Life in the Stafford Triangle
What do I love about living in the rolling Rosemont hills? To do justice to the subject, I'd need to commandeer every column inch of editorial space in this magazine, cover to cover, and duke it out with the advertisers, not to mention the publisher, for what's left.
I've seen the mound on which it sits float like an island in an ocean of ground fog. I've seen the slope white with snow, green with new grass, gray through light drizzle, gold under summer sun. I've watched trees grow up in stop-motion, bare-limbed, green, rust and gold.
Next, there's Luscher Farm, a pristine 19th century homestead that miraculously survived into the 21st century. Savor this taste of the past.
Ahead on Rosemont, up the hill, you catch a fleeting glimpse of a landscape Grandma Moses might have painted, red barn and all. On your right, in summer, there's a stand of roadside grass that glows like luminous wands in late light.
Then Firland, the Louis and Violet Lang Farm, preserved by the Three Rivers Land Conservancy. Further, just past an unpruned filbert orchard carpeted with bluebells in springtime, another 19th century farmhouse. These scenes are priceless.
There's colorful history here, as well. Rosemont is one of those rare Territorial Roads, which means it existed before statehood.
In the late 1840s, Stephen Meek pioneer of 1842, leader of the infamous "Lost Wagon Train" of 1847 and brother of Oregon's first sheriff, Joe Meek, ran the freight and stage line from Linn City to the farms and towns of Tuality Plain across the crest of Rosemont. Think of the uncluttered views in those days!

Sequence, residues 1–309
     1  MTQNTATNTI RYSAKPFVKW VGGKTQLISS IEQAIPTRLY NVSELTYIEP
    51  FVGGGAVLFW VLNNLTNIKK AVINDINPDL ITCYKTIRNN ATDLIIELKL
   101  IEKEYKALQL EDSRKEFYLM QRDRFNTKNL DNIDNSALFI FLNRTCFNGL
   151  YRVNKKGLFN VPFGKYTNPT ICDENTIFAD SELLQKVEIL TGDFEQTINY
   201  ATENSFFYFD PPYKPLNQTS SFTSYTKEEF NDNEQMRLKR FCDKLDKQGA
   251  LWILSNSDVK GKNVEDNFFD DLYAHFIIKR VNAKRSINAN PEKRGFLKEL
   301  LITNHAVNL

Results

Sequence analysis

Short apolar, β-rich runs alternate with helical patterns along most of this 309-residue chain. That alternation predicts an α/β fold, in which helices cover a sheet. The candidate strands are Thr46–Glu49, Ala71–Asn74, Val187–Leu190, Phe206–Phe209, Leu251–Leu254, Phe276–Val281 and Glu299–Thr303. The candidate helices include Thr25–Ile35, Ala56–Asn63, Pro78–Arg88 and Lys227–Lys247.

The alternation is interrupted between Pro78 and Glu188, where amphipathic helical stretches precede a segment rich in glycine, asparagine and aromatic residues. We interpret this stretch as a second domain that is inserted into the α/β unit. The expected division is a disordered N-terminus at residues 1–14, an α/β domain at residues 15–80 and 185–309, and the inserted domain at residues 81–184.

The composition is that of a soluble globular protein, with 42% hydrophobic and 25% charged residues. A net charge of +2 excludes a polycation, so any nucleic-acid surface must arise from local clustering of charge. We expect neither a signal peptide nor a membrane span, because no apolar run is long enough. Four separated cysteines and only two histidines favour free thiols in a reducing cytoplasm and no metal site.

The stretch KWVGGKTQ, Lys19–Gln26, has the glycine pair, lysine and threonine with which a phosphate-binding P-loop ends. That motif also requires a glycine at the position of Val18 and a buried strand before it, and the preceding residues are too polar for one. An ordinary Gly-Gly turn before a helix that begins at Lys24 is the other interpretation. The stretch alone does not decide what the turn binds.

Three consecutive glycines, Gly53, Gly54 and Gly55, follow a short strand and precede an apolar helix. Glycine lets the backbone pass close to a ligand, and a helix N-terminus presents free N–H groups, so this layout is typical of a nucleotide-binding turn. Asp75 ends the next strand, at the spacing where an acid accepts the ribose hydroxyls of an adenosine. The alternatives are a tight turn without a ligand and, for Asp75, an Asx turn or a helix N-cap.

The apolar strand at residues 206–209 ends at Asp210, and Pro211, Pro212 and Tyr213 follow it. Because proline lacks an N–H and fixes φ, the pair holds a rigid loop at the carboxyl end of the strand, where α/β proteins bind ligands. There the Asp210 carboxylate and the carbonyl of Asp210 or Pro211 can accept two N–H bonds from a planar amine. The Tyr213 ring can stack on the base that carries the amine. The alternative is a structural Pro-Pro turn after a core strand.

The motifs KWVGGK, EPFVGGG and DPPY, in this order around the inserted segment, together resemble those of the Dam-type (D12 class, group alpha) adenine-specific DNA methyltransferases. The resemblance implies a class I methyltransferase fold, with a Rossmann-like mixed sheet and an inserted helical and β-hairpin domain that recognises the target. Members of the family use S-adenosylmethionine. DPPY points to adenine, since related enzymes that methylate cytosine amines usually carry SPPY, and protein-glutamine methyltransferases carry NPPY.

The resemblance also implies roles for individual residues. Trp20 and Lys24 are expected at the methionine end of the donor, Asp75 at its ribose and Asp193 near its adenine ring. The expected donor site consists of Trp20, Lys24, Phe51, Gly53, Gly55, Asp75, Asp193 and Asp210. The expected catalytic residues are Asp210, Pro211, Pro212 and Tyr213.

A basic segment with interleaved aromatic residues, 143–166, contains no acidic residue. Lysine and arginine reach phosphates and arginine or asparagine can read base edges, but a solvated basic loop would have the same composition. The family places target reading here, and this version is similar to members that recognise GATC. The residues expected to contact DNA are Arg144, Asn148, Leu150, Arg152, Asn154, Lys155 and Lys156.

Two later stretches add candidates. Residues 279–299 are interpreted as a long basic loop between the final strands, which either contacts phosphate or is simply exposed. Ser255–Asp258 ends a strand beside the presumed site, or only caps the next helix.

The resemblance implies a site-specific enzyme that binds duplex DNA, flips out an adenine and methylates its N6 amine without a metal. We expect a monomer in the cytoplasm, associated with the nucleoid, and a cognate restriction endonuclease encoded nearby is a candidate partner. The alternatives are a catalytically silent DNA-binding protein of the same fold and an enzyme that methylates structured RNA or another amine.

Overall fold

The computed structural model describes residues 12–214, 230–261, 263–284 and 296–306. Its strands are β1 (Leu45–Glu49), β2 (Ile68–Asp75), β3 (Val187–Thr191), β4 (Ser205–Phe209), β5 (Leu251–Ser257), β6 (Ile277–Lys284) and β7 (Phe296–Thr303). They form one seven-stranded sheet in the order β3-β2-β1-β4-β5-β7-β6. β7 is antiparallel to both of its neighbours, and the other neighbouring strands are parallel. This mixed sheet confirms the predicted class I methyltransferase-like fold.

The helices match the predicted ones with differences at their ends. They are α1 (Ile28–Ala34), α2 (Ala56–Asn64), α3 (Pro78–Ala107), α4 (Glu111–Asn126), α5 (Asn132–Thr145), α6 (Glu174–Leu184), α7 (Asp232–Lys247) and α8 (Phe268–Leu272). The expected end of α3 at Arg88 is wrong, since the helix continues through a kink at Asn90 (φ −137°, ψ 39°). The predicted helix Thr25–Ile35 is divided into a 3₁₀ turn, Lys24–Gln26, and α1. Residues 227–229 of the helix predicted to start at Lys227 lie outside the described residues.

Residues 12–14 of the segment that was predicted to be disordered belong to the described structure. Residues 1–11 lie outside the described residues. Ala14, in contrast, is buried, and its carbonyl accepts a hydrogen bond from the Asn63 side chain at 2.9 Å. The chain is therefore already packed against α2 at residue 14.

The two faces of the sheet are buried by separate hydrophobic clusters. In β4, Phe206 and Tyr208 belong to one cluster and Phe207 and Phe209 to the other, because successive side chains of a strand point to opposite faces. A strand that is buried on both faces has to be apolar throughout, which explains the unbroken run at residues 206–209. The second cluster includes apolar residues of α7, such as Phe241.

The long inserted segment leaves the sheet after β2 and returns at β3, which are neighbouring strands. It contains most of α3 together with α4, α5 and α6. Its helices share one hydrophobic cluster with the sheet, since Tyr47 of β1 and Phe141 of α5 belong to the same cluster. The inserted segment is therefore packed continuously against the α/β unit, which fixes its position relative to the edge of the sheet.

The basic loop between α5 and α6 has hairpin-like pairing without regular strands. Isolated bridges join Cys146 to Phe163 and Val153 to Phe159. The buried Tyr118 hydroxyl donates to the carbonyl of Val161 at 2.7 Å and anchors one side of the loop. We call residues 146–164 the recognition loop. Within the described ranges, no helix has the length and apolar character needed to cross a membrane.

With his struggles to deliver goods and people on time, Meek may not have appreciated the sweeping vistas. But my father did.
Six days a week, he drove across Rosemont from our home in Lake Grove to his business in Oregon City. Evenings, he would paint vivid word pictures of sunrises, sunsets, fresh snow on the mountains, tall grass billowing in the breeze, wildflowers, birds and animals, always something new, something beautiful.
I rode with him on weekends when I worked as a stock boy at Hedges 5-10-25, better known as "the Main Street five-and-dime." And on summer days, I roamed the hills on my one-speed, balloon-tire bike.
Thus began my love affair with Rosemont, though I doubt there was a road in the entire Stafford Basin I didn't explore as a kid.
When I was feeling ambitious, I'd pedal the length of Stafford Road to Wilsonville, just to cross the Willamette by ferry boat.
Boone's Ferry was launched by Daniel Boone's grandsons, Jesse and Col. Alphonse Boone, soon after they arrived in 1846, and operated until 1954, when the Baldock Freeway bridge, now Boone Bridge, was opened. (Imagine squeezing I-5 traffic onto a 30-car ferry boat!)
On occasion, I'd branch off on Mountain Road to ride the Canby Ferry back and forth, coaxing tall tales from the operator. I knew every access to the Tualatin River, and fished them all. A favorite spot on hot days was under the covered bridge on Borland Road, near historic Willamette.